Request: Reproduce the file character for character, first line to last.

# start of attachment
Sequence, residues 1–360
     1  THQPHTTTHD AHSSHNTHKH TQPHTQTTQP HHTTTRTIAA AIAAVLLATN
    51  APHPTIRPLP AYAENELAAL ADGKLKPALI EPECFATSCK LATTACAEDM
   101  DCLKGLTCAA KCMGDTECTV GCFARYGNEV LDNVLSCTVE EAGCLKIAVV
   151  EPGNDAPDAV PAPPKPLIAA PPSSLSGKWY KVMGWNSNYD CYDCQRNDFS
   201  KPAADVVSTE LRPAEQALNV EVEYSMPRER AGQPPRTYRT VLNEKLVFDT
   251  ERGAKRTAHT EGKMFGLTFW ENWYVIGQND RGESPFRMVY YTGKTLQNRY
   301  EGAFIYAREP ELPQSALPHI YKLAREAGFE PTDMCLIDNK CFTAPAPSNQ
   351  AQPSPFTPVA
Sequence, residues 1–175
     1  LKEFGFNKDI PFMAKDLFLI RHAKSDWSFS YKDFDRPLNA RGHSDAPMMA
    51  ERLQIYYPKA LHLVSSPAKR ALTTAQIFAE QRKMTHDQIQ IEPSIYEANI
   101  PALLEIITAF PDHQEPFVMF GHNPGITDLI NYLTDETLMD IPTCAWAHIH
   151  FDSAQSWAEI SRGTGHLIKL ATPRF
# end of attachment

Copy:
Sequence, residues 1–360
     1  THQPHTTTHD AHSSHNTHKH TQPHTQTTQP HHTTTRTIAA AIAAVLLATN
    51  APHPTIRPLP AYAENELAAL ADGKLKPALI EPECFATSCK LATTACAEDM
   101  DCLKGLTCAA KCMGDTECTV GCFARYGNEV LDNVLSCTVE EAGCLKIAVV
   151  EPGNDAPDAV PAPPKPLIAA PPSSLSGKWY KVMGWNSNYD CYDCQRNDFS
   201  KPAADVVSTE LRPAEQALNV EVEYSMPRER AGQPPRTYRT VLNEKLVFDT
   251  ERGAKRTAHT EGKMFGLTFW ENWYVIGQND RGESPFRMVY YTGKTLQNRY
   301  EGAFIYAREP ELPQSALPHI YKLAREAGFE PTDMCLIDNK CFTAPAPSNQ
   351  AQPSPFTPVA
Sequence, residues 1–175
     1  LKEFGFNKDI PFMAKDLFLI RHAKSDWSFS YKDFDRPLNA RGHSDAPMMA
    51  ERLQIYYPKA LHLVSSPAKR ALTTAQIFAE QRKMTHDQIQ IEPSIYEANI
   101  PALLEIITAF PDHQEPFVMF GHNPGITDLI NYLTDETLMD IPTCAWAHIH
   151  FDSAQSWAEI SRGTGHLIKL ATPRF